Global Payment Firms Hold First Cyber War Game 

(Bloomberg) -- Global payment companies held their first joint cybersecurity war games to test their systems’ readiness for simultaneous attacks, uncovering differences in their defenses including even how to define a crisis.

JPMorgan Chase & Co., Mastercard Inc., WorldPay Inc. and Fidelity National Information Services Inc. were among the 18 payment processors from the U.S. and the U.K. that took part in the exercises, which were held Friday at IBM’s test center in Cambridge, Massachusetts. Some of the findings, which will be disclosed at a conference in Atlanta Wednesday, were shared with Bloomberg News in advance.

Financial firms have led spending on cybersecurity as high-profile attacks exposing customer data and theft of funds raised pressure on the industry. Executives and regulators are concerned that a systemic attack on the plumbing of the financial system could disrupt the global economy, and cooperation between the industry and government agencies is increasing.

“We put competitors in the same room together, which initially they were hesitant to do,” said Rob Johnston, head of operations at FIS and one of the organizers. “But they realized pretty fast how valuable such a gathering is. When there are multiple breaches in an organized attack, it’s better to coordinate the response.”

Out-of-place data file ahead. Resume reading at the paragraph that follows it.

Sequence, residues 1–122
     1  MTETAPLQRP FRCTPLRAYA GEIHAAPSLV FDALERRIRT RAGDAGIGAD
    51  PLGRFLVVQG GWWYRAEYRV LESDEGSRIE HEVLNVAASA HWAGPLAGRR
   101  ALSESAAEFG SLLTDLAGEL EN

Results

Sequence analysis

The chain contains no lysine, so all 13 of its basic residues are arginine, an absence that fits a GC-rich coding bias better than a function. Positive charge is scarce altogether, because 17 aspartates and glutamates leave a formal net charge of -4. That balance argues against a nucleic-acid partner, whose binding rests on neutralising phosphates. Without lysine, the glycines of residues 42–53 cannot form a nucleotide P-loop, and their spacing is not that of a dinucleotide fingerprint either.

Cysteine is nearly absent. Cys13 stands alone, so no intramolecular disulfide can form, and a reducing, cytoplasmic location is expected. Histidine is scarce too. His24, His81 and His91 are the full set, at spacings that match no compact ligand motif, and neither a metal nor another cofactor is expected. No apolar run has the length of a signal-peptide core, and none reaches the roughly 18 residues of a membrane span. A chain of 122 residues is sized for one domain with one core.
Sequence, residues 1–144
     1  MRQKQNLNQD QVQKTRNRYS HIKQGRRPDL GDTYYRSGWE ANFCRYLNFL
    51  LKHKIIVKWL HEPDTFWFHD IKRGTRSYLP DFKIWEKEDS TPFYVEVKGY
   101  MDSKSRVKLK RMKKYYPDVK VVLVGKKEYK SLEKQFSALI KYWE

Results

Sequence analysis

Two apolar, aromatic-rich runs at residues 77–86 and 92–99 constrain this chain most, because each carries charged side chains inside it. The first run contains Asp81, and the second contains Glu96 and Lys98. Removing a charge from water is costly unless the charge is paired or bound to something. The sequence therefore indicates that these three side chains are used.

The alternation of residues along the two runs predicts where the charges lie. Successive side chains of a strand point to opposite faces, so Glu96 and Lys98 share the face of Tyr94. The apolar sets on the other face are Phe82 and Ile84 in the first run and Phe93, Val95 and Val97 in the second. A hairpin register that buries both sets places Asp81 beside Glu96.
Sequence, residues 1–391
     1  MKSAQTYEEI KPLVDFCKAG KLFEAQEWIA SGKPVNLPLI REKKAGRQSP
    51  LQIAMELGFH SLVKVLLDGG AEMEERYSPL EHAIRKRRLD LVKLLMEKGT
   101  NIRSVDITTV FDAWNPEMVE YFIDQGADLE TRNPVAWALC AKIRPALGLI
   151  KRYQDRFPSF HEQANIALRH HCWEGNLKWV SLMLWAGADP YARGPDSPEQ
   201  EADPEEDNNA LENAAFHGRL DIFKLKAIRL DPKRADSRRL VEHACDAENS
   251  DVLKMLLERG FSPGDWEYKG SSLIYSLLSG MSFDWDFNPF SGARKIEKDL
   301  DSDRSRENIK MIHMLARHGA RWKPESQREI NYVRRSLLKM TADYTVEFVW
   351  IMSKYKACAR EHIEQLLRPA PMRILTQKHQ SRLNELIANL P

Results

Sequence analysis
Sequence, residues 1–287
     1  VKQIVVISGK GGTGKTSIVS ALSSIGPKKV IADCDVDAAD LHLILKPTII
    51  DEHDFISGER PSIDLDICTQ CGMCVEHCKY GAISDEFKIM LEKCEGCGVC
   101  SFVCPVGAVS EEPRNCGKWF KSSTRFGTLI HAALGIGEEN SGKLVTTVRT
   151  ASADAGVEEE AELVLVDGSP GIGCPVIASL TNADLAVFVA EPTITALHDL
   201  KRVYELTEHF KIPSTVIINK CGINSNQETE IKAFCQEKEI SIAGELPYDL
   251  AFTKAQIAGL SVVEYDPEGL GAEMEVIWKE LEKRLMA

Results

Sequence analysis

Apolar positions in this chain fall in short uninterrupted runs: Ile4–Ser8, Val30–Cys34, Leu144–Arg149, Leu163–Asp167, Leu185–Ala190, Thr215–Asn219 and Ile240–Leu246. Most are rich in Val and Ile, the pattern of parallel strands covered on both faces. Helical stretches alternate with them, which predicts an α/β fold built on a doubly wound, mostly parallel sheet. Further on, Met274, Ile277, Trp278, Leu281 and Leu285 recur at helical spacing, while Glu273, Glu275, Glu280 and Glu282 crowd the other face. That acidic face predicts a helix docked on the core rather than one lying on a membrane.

The participants discovered that they had varying definitions of a crisis related to breaches as well as differing approaches in how they reach out to law enforcement. Agreeing on a common definition and streamlining cooperation with government agencies will be goals for the payments industry, Johnston said. The sector will also seek a more formal way of sharing information on threats, he said.

Some of the payments firms are members of the Financial Services Information Sharing and Analysis Center, known as FS-ISAC, a forum for banks, broker-dealers and insurance companies to share data on threats. Banks and brokerage firms have been holding cyber war games regularly since 2011, testing the U.S. capital markets’ readiness for attacks.

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